Subject: Re: Is gcc slow? Or is our gcc slow?
To: None <firstname.lastname@example.org>
From: Curt Sampson <email@example.com>
Date: 04/09/1996 17:45:36
On Tue, 9 Apr 1996 firstname.lastname@example.org wrote:
> Why is -O in the system makefiles?
Because it won't seriously inconvenience any of the machines that
NetBSD runs on? There are a fair number of Sun 3/50s out there (I
should know--I own five of them :-)) and, while those in search of
better performance will probably think of putting -pipe in first
thing, those who are not and are trying to get a system up and
running on one of the smaller machines may be excused for not
checking to see if -pipe is there and removing it if it is.
> "Convenient way" means you have to know this missing option and hack the
And having to know of the option and hack the system if you don't
want -pipe is more convenient?
> MFS is really stupid. You are wasting resources for the most of time.
No, the point is that you are *not* wasting resources for most of
the time. Most of the time /tmp has almost nothing in it. Therefore
you can use that memory for other things. When /tmp does fill up,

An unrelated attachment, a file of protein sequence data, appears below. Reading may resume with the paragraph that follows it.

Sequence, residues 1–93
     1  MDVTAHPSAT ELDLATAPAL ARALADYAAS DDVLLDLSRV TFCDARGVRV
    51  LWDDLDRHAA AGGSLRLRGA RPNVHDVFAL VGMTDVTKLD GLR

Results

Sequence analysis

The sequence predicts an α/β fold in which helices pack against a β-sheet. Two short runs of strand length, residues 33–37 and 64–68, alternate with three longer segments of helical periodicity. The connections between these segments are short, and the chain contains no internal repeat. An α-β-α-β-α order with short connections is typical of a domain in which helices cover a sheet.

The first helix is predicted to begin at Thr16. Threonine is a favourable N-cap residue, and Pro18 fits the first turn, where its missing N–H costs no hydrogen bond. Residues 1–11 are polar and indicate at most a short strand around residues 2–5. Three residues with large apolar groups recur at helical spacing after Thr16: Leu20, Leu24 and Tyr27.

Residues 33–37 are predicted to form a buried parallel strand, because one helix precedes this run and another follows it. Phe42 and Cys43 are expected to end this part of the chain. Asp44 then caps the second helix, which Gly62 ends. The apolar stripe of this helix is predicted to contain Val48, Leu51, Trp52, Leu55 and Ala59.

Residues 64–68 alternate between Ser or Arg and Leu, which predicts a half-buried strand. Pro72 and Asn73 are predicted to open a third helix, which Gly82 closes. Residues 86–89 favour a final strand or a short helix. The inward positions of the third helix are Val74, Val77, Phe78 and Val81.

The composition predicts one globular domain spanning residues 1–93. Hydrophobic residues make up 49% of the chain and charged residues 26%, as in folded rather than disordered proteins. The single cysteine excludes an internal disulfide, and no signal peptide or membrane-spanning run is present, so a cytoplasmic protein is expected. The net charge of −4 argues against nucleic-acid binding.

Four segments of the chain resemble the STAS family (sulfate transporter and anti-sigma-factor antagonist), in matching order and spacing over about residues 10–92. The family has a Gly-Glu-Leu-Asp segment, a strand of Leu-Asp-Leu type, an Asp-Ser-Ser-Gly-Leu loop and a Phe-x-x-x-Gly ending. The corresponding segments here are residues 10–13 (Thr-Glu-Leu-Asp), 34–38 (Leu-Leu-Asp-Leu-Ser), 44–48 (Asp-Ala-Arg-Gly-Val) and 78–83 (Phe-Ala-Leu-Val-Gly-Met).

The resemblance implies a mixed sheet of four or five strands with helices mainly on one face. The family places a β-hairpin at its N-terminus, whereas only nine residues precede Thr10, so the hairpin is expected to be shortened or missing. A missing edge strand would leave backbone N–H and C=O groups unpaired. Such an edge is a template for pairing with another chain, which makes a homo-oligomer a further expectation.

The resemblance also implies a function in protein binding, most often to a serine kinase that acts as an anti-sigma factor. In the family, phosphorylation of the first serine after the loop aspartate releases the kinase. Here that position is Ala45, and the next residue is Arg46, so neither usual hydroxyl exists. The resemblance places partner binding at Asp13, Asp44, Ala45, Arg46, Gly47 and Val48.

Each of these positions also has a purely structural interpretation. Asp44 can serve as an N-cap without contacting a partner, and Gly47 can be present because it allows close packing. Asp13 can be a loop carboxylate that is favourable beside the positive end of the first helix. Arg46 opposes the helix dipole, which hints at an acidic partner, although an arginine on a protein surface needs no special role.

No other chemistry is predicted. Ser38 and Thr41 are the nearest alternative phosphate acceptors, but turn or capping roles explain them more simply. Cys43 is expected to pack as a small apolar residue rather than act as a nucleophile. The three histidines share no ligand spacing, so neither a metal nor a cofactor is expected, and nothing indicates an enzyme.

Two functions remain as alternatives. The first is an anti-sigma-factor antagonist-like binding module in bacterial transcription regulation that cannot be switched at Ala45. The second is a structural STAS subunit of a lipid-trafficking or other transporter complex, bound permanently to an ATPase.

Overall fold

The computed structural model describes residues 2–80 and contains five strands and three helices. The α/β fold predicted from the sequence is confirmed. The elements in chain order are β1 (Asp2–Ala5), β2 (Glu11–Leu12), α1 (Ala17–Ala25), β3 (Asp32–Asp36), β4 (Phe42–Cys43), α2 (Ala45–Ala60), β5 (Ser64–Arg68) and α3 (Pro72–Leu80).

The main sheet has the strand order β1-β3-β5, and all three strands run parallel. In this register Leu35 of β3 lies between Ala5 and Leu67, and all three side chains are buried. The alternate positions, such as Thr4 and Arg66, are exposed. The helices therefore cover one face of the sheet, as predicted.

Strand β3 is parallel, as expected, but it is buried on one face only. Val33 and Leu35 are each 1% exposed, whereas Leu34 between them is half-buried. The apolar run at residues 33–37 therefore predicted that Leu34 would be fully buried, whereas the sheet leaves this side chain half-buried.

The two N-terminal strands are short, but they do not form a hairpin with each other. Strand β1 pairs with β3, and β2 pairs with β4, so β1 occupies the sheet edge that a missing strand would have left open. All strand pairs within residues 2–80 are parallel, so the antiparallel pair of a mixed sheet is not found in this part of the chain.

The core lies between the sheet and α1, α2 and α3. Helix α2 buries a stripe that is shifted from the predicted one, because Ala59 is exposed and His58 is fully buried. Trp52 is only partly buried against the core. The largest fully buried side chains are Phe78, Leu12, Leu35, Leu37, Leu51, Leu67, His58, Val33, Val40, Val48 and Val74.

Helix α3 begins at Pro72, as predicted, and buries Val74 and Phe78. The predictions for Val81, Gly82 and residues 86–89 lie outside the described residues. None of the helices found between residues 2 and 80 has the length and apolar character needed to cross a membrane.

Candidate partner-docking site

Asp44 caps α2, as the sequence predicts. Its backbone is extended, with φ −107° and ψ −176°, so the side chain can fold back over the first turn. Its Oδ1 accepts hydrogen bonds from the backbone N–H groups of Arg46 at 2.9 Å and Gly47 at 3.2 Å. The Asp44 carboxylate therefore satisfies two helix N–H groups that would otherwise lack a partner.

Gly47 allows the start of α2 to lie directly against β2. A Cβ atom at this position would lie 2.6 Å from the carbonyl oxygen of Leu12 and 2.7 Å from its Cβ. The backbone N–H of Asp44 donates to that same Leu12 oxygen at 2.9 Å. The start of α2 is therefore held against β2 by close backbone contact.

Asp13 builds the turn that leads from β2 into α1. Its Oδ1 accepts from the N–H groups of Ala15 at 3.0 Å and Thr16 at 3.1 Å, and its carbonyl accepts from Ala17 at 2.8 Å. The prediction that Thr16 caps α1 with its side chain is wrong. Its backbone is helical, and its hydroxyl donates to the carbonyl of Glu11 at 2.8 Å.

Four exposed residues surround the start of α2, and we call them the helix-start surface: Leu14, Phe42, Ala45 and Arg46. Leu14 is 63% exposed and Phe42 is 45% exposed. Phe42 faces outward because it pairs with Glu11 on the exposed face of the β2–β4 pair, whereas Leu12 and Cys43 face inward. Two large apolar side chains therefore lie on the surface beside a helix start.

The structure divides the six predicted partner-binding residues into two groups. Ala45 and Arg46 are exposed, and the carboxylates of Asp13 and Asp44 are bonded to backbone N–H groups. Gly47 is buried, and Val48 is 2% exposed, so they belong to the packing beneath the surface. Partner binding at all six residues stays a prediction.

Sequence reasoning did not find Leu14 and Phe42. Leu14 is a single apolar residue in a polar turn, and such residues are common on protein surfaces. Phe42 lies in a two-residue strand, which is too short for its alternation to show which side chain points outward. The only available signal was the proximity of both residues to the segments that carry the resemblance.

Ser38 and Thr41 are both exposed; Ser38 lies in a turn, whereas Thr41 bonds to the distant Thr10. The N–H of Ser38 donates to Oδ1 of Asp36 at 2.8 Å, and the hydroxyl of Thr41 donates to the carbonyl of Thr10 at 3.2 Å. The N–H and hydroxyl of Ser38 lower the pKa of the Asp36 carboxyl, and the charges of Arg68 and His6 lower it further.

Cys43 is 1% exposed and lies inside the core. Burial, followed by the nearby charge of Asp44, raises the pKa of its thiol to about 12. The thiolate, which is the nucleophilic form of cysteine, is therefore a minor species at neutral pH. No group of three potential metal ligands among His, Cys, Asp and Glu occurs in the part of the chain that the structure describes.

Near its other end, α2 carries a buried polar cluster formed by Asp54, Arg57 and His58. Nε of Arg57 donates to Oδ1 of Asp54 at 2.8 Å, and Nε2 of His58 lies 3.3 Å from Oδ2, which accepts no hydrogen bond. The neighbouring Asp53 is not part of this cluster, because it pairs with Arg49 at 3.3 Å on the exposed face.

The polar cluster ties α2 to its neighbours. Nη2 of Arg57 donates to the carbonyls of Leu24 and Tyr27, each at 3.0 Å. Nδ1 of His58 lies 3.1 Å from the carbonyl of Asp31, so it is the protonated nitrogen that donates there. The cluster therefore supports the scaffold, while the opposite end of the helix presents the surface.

it uses free memory first, and then goes to swap.
> "/tmp" and "/var/tmp" are stupid at all. Common temporary resources for
> all users are the best way to produce problems.
So you think that on a 24-user system giving each user 1 MB of his
own scratch space is better than just assigning a 24 MB shared pool?
> If there is just one user who made a mistake and allocates the entire
> space, then other users are not able to compile their program (and most
> don't know why).
Yes, much better that none of the users can compile their program in the
first place because there isn't enough space to begin with.
Curt Sampson email@example.com Info at http://www.portal.ca/
Internet Portal Services, Inc.
Vancouver, BC (604) 257-9400 De gustibus, aut bene aut nihil.